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Tsvetana Paraskova

Tsvetana Paraskova

Tsvetana is a writer for Oilprice.com with over a decade of experience writing for news outlets such as iNVEZZ and SeeNews. 

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Oil Rebounds As Market Fears Russian Supply Shock

  • Brent crude jumps above $105.
  • On Thursday, oil prices had largely shrugged off the Fed rate hike.
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Oil prices jumped by 7% early on Thursday, after the International Energy Agency (IEA) warned on Wednesday that the market could lose 3 million barrels per day (bpd) of Russian oil supply starting next month.

As of 10:00 a.m. ET on Thursday, WTI Crude was up above $100 per barrel again, following three consecutive days of sell-offs amid a pullback of speculators from volatile futures and concerns about Chinese oil demand after China returned to lock down large cities after a spike in COVID cases. WTI Crude was trading up by 7.42% to $102.1, and Brent Crude was rallying by 7.71% at $105.6   

The warning from the IEA’s Oil Market Report from Wednesday that the world could run into the biggest supply crisis in decades seems to reverberate through the market early on Thursday. The IEA estimates that 3 million bpd of Russian oil supply could be lost starting in April. This is much higher than the 1 million bpd hit to demand this year the agency now predicts could come from high energy prices, inflation, and the Russian invasion of Ukraine.

“Over the past week a lot of financial positions have been flushed out, but a tight, physical market remains with widespread voluntary sanctions towards Russian oil and product exports still at work,” Bjarne Schieldrop, chief analyst commodities at bank SEB, wrote in a note on Thursday.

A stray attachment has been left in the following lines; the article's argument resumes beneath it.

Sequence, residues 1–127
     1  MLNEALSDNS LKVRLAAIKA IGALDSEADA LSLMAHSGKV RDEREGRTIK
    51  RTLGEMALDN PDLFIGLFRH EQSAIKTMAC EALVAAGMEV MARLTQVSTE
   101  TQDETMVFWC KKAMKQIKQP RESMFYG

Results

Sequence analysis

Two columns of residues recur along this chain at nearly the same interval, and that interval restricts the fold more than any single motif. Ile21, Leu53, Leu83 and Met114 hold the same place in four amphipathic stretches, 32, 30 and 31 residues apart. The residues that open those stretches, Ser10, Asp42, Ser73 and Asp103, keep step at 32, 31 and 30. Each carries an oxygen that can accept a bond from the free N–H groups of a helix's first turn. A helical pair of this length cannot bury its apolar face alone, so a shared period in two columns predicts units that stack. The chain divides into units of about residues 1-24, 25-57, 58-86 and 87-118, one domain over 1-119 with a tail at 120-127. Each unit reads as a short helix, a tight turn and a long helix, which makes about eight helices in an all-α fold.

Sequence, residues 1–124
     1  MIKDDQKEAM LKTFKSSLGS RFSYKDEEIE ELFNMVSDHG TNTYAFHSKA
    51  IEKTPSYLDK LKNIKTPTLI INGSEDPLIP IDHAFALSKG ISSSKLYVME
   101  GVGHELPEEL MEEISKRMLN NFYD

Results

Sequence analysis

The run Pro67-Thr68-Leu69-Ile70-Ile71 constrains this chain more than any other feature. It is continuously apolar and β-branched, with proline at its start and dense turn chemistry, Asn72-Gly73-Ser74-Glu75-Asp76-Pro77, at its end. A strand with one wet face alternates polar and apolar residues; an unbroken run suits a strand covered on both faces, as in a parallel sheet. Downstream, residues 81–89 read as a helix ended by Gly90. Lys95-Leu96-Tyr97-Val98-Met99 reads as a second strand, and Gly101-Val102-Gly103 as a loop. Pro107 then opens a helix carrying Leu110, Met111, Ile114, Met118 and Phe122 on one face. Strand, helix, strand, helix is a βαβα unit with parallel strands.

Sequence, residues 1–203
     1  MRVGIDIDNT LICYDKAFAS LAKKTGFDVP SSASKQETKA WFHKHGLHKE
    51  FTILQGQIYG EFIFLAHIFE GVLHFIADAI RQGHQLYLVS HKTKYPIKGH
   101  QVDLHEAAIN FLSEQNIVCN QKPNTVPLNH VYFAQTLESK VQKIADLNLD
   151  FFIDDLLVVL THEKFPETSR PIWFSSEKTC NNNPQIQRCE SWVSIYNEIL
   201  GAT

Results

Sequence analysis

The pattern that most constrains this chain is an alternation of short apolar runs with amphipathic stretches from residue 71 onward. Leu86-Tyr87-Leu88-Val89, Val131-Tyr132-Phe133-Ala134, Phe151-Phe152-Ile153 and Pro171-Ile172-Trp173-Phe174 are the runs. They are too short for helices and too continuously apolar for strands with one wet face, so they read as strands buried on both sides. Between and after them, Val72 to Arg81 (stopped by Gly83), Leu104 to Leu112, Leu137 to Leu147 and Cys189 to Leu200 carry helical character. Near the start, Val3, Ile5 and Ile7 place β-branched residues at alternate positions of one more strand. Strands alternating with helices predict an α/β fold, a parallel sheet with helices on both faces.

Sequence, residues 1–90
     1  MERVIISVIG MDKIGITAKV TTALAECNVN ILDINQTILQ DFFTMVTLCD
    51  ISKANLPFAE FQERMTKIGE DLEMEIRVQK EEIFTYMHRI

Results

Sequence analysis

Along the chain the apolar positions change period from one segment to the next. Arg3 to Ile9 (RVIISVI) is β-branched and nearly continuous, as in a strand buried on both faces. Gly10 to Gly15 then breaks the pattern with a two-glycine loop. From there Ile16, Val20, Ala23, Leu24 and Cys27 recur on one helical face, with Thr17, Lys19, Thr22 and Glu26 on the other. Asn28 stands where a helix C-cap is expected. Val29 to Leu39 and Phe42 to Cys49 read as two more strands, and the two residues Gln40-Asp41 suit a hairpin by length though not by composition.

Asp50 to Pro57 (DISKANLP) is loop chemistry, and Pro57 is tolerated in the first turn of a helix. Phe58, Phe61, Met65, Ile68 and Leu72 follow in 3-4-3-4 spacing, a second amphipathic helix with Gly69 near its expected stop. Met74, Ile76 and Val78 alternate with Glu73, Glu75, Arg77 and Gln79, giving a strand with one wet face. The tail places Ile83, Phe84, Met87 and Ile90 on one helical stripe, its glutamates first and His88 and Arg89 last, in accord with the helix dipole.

“The Brent crude oil price is thus likely to be driven back up again in the coming weeks as the war in Ukraine continues. Both supply and demand are hurting but supply is currently hurting more and a tight oil market for the coming two quarters is to be expected,” Schieldrop added.

On Thursday, oil prices were largely shrugging off the Fed rate hike, the first since 2018, and the expectation that a number of additional interest rate hikes are coming by the end of this year alone as inflation is at its highest in 40 years.

In China, the source of concern about demand in recent days, authorities pledged to support economic growth, giving the market hopes that—at present—the COVID-related lockdowns would not materially hit the economy of the world’s largest crude oil importer.

By Tsvetana Paraskova for Oilprice.com

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Leave a comment
  • Mamdouh Salameh on March 17 2022 said:
    The hapless International Energy Agency (IEA) never ever gets it right in its unnecessary pontifications on energy matters and when it does as it did today it proves to be baseless.

    If the IEA means that a loss of 3.0 million barrels a day (mbd) of Russian oil supplies starting next month is will due to consumers shunning Russian oil, then it is absolutely wrong. If there was a real shunning of Russian crude oil exports, prices in a tight market like the one prevailing now would have gone up not down. No one single producer in the world or even a group of producers could replace 8.0 million barrels a day (mbd) of Iraqi oil exports (5 mbd of crude and 3 mbd of products) now or possibly ever.

    If on the other hand, the IEA means that Russia will halt its global oil and gas exports to the world with the exception of China in retaliation against Western sanctions against it, this will deprive the world of 8.0 mbd not 3.0 mbd of oil and hundreds of billion of cubic metres of gas supplies and will plunge the world into a very destructive global energy crisis.


    Dr Mamdouh G Salameh
    International Oil Economist
    Visiting Professor of Energy Economics at ESCP Europe Business School, London

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